Adult neurogenesis, the generation of new, functional neurons, occurs in two main niches within the adult mammalian brain⎯the dentate gyrus of the hippocampus (DG) and the subventricular zone (SVZ) of the lateral ventricle. We have previously shown that the hippocampus contains a population of quiescent neural stem and precursor cells which can be activated by mimicking neural activity (depolarisation with KCl in vitro). Interestingly, depolarisation of the SVZ precursor cells has the opposite effect, indicating that the stem cells in the two neurogenic niches appear to be under very different regulatory control. To better understand the differences between the two neurogeneic zones, we compared the transcript profiles of the neural precursor cells isolated from the SVZ and DG.  This revealed redox regulation to be particularly enriched in the DG neural precursor cells. Several redox-related proteins, including SelenoproteinP (SEPP1), were highly up-regulated in the DG.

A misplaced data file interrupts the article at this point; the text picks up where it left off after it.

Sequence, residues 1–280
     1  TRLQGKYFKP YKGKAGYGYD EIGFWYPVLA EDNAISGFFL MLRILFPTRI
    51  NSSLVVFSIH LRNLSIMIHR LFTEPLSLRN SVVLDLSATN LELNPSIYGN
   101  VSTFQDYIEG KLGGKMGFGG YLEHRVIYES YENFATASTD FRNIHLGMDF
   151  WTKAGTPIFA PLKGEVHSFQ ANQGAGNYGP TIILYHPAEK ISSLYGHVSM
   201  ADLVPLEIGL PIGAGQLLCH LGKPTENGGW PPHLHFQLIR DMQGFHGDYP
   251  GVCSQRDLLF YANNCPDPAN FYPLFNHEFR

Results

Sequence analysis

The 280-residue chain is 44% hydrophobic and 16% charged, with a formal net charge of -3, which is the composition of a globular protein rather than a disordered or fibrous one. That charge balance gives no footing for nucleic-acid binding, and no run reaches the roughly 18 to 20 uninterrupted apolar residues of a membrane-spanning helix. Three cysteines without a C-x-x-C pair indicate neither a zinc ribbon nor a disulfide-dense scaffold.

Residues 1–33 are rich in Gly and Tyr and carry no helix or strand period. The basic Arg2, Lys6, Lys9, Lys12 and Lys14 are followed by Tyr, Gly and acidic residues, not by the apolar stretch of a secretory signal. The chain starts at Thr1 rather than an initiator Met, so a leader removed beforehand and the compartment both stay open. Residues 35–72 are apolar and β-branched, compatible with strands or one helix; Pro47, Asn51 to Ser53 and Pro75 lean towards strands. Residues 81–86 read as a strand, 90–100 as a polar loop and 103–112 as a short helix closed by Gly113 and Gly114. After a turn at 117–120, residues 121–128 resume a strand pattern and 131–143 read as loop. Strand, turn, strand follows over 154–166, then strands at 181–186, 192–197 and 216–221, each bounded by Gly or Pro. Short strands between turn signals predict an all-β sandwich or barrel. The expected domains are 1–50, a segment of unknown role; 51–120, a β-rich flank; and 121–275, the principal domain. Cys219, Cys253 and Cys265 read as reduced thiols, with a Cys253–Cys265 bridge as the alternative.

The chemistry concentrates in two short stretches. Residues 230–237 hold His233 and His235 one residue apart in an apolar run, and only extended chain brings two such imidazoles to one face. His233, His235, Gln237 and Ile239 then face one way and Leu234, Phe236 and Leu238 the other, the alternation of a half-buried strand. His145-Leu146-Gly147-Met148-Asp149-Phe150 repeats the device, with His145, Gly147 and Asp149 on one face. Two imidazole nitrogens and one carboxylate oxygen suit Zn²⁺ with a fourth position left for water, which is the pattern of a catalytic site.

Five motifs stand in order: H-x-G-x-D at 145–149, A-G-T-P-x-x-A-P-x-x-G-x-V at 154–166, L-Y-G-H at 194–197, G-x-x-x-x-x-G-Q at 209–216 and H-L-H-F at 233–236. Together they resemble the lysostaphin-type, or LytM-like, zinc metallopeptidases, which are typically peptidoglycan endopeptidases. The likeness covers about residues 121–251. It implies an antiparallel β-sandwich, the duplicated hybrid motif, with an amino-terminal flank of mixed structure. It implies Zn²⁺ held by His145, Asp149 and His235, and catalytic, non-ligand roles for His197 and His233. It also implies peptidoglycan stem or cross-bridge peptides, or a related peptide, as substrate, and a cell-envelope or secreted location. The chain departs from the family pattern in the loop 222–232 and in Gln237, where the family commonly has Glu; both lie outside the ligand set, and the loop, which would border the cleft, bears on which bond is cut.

SEPP1 is the major transporter of the trace element selenium from the plasma into the brain. Selenium is necessary for normal brain function and its deficiency is correlated with a number of neurodegenerative diseases. We show that selenium can directly activate latent hippocampal precursor cells and increase neuronal differentiation in vitro, and increase both proliferation and net neurogenesis in vivo. Furthermore, we show that this effect is likely mediated by selenium's antioxidative properties, functioning to reduce levels of ferroptosis-mediated cell death and thus significantly reducing levels of reactive oxygen species, in a NOX2-dependent manner. 

About Neuroscience Seminars

Neuroscience seminars at the QBI play a major role in the advancement of neuroscience in the Asia-Pacific region. The primary goal of these seminars is to promote excellence in neuroscience through the exchange of ideas, establishing new collaborations and augmenting partnerships already in place.

Seminars in the QBI Auditorium on Level 7 are held on Wednesdays at 12-1pm, which are sometimes simulcast on Zoom (with approval from the speaker). We also occassionally hold seminars from international speakers via Zoom. The days and times of these seminars will vary depending on the time zone of the speaker. Please see each seminar listed below for details. 


Neuroscience Seminars archive 2005-2018